Fact: In May 2001, weeks prior to the birth of his first born, Mark Ruffalo dreamt that he had a brain tumor. After a neurological test had been completed, it was confirmed that Ruffalo had a mass located around his Auditory Cortex.
Mark Ruffalo is well known for his variable roles in movies such as: The Avengers, FoxCatcher, Shutter Island, and the more recent, Spotlight. In May 2001, Mark Ruffalo had a life altering dream, in which, he acquired a brain tumor while shooting for the movie Signs (2002). The dream was so vivid and shocking, the next day Ruffalo met with the set doctor, whom he had become close friends. He said,
“Listen, I really had a scary dream last night and you’ll probably think I’m crazy but um… But I think I have a brain tumor and I would really like to get it uh… checked out.”
The doctor replied,
“You are crazy, but you shouldn’t have to live with that fear. But I will order you an MRI tomorrow… or CAT scan tomorrow,” Ruffalo stated.
But up until that point, he had no signs of brain tumor. The next day, the neurologist or nurse came back with the tests. She pulled the set doctor out into the other room where murmurs started to pass. The set doctor finally re-entered the room, completely “white as a sheet” and said,
“You have a mass behind your left ear the size of a small golf ball, and we don’t know what it is exactly, but you will need a MRI.”
The startling news forced Mark Ruffalo to turn down the role of Merrill Hess (played by Joaquin Phoenix) in Signs (2002) due to the Acoustic Neuroma (Brain Tumor that affected his hearing [Auditory Cortex]) in May 2001. The neurologists explained to Ruffalo that it was “the best of the worst” cases in which the primary brain tumor was not malignant, or they didn’t believe so. The best course of action or treatment they prescribed was surgery, and as quickly as possible because it was also on his facial nerve. Mark had already lost 7% of his hearing by this time, but could hardly tell the difference. The neurologists explained to Ruffalo that,
“You have 80% chance of losing your hearing, and 20% chance of losing your facial nerve.”
This would virtually put Mark out of a job, if the paralysis persisted post operation. Ruffalo would later admit to partial “shame” or “fear” of the perception of his disease, especially from his profession.
Ruffalo decided to withhold the information about his benign brain tumor from his wife until his first child was born a few weeks later. At the time, there were only two people he had told this to: 1) his best friend and 2) his manager, until right before his surgery (told his family). He didn’t want to voice his illness because as he says,
“People tend to make your tragedy, their tragedy.”
And Ruffalo didn’t want to visit that type of anguish.
One of the things that really struck Mark, like most people during this time, was the fear of death. Even more so, he had a fear of anesthesia. Mark had a bad experience with anesthesia once before and didn’t want to have to revisit that.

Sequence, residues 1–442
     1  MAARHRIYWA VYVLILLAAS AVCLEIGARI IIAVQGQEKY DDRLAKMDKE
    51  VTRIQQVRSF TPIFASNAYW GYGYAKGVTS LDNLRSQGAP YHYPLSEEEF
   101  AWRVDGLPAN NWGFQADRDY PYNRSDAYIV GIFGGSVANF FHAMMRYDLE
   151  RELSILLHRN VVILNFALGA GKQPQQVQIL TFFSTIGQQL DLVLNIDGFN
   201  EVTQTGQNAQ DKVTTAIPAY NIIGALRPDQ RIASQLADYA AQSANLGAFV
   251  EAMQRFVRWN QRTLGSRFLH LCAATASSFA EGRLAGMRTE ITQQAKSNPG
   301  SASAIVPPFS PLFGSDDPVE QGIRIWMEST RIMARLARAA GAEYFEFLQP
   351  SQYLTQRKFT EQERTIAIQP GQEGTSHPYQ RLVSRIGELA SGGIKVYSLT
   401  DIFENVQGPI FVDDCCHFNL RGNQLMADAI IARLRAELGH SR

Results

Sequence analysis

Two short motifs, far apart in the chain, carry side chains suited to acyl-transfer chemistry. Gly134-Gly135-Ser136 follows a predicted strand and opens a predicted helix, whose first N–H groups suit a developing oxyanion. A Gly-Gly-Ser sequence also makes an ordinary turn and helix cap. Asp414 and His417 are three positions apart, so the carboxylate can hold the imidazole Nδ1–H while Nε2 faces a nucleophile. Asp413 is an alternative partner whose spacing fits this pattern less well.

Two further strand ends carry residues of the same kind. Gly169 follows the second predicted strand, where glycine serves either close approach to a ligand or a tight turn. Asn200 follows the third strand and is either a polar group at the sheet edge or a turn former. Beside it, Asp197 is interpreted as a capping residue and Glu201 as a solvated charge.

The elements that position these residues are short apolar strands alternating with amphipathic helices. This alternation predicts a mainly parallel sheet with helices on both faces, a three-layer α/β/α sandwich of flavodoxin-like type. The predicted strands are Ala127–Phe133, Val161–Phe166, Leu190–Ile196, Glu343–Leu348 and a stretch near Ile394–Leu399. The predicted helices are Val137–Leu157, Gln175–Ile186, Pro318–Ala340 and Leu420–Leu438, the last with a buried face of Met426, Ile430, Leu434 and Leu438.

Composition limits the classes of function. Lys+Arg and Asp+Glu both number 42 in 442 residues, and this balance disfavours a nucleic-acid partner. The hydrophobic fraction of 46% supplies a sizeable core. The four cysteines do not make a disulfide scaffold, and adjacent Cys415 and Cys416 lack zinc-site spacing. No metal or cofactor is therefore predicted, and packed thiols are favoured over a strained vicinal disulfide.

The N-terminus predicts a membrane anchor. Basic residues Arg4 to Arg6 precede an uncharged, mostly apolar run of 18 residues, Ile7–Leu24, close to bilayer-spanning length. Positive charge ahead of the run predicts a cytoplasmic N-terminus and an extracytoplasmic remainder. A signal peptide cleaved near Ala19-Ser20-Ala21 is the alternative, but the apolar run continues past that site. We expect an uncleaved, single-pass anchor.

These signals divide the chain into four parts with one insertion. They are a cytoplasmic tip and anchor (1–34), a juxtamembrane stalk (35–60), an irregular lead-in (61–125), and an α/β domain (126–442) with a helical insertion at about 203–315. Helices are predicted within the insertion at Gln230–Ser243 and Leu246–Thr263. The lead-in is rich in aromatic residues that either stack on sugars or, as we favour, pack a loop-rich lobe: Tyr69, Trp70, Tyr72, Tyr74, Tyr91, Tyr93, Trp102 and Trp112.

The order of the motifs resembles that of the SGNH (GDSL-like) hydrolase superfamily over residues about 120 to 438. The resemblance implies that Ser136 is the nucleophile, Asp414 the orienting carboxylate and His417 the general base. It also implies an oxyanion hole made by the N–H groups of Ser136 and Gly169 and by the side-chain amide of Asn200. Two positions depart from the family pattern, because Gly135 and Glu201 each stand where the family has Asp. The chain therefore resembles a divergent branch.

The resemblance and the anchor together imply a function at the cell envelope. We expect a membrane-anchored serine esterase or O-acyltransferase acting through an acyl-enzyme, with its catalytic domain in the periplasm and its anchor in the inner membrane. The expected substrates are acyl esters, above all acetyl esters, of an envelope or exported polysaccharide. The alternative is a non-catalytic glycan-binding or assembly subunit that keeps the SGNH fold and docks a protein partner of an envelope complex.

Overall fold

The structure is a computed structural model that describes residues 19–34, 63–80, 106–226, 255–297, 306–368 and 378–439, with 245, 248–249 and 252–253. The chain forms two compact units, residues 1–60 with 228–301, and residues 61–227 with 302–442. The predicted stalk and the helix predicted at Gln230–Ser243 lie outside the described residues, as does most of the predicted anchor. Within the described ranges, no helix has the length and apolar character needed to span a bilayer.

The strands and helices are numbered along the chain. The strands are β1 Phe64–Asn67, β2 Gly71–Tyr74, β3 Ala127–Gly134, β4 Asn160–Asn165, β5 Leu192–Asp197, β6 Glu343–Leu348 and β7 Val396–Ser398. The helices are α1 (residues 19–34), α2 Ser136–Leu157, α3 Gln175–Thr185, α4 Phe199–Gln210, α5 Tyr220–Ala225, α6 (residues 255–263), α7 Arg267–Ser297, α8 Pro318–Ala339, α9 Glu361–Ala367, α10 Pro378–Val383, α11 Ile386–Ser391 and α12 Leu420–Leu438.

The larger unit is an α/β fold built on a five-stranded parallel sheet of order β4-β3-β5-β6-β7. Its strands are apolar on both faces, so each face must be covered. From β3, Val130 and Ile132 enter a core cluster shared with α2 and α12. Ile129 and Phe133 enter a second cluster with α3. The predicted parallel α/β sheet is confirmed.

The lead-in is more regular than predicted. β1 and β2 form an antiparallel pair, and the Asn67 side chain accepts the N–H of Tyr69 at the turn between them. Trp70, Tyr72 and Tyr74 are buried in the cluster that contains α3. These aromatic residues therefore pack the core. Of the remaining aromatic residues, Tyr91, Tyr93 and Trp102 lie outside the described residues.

After surgery, Ruffalo faced quite an uphill battle with recovery. His father told him that for a brief moment, his heart had stopped beating on the operating table, which he said
“That was scary to me.”
After the surgery, Ruffalo stated that at most times you find your religion “so to speak,” and what he asked God was,
“Please do not take my face and please do not take my life.”
For ten months Ruffalo battled paralysis of his facial nerves. Three days post operation, Mark was unable to shut his left eye, nor move the left part of his face. He also was having issues with his balance. That was pretty alarming to him. But he recalls one other time of “Divine Intervention.” And that was to
In fact, that became Mark Ruffalo’s mantra during his full post op recovery. Every day, he would try to make his facial muscle move, but to no avail. But he continued to walk for miles which helped him with his balance, which eventually returned quicker than other people suffering with the same disease.
His emotional recovery was tough because he was facing the end of his career. During this entire ordeal, Ruffalo would fall off the acting map during what he thought was the precipice of his acting career. He stated that this part of the recovery really tested,
“What I was made of as a man.” It also “became a blessing in disguise, as time progressed.”
Due to the acuteness of the recovery, the loud, energetic, hustle and bustle of New York City was too much to take in. He decided that days prior to 9/11, he would move upstate for a few months to get away. The recovery really tested his wife and the steroids were exacerbating the problems, even though they were slowly helping his recovery.
He didn’t start to feel changes in his facial nerves until ten months, which he recollected as being “unheard of,” because usually you do not recover after seven months.
“If the nerve has not come back, you usually lose that nerve.”
Since then, he has regained most of the facial movement on his left side and re-emerged from his non-acting hiatus. But we say, “the Ruffalo is just starting!”